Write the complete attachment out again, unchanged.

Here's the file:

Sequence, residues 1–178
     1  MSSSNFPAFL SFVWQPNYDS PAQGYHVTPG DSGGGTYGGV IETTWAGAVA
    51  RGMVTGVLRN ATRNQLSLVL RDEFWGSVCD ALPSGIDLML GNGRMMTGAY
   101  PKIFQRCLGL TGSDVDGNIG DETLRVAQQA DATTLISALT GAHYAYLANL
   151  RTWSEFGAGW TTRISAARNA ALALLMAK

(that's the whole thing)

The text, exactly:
Sequence, residues 1–178
     1  MSSSNFPAFL SFVWQPNYDS PAQGYHVTPG DSGGGTYGGV IETTWAGAVA
    51  RGMVTGVLRN ATRNQLSLVL RDEFWGSVCD ALPSGIDLML GNGRMMTGAY
   101  PKIFQRCLGL TGSDVDGNIG DETLRVAQQA DATTLISALT GAHYAYLANL
   151  RTWSEFGAGW TTRISAARNA ALALLMAK